Update 1: Fixed arrows on two of the images – damn Visio…
Update 2: Tweaked the final diagram to show build artifacts being checked in and retrieved
Lets look at a fairly simple build.
This build is aimed squarely at a developer – at the point the code tags, the developer is happy to continue with his work. The build has satisfied the developer that the code is good enough for what they need to do next. The QA person however, before they start looking to sign off new functionality or bug fixes, might need a little more persuading that the code is in a good enough state for them to look at it.
At each point we tag, we have created an artifact – the target audience of which is the developer in the first instance, and the QA in the second. Ideally, this process would be completely automated using a continuous integration approach – the developer checks in, artifact one gets created, then artifact 2 gets created.
Typically one single continuous integration build is used. The problem is that these builds are normally black or white – the whole thing either passes or fails. That means that even if the code is good enough to be tagged for a developers purpose, but not good enough for a QA person, the build fails as a whole. The tests for a QA are also typically much longer running. In order to provide rapid feedback, two builds can be used – one aimed at producing developer artifacts, another producing QA artifacts.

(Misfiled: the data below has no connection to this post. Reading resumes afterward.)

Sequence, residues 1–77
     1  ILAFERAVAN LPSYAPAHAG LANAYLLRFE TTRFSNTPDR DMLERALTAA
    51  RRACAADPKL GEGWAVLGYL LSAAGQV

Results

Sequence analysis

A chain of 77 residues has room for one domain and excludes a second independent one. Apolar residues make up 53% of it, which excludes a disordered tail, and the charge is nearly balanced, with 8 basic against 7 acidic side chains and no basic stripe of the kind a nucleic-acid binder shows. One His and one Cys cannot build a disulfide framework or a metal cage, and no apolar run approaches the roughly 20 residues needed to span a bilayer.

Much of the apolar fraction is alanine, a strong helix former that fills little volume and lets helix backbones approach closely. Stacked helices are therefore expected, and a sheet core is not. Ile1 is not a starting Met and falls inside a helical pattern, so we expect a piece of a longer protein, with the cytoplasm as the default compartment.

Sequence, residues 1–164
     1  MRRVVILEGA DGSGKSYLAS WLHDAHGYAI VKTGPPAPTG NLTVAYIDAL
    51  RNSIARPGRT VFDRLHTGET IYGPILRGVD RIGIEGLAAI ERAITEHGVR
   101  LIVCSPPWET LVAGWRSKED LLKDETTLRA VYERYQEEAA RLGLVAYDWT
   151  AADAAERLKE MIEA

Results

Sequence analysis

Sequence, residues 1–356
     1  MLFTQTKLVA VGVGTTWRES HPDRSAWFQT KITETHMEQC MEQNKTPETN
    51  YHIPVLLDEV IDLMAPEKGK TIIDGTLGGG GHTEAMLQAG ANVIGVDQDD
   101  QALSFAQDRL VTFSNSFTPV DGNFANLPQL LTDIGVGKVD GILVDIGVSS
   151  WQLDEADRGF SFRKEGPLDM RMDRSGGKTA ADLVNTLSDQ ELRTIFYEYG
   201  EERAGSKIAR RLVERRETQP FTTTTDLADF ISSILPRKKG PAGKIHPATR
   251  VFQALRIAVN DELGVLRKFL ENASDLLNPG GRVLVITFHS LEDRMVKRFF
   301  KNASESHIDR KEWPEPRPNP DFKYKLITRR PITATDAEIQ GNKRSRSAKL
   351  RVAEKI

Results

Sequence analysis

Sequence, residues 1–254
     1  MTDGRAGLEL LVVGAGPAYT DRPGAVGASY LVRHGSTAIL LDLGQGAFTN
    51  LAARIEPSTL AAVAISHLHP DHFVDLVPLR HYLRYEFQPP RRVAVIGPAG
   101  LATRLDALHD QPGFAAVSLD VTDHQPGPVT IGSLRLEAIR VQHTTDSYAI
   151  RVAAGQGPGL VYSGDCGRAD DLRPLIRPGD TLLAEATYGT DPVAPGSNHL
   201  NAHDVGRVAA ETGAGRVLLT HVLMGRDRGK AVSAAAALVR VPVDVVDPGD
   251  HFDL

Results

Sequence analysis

So, the QA build only starts when the dev build has passed and produced it’s artifacts. It’s also important to note that the two builds are separate – if a dev build takes one third of the time of a QA build, it would be possible that three dev builds could be performed while a QA build is being run – the next QA build would get the latest dev build artifact. The act of creating a set of artifacts and passing them on to another build with different requirements is called build pipelining.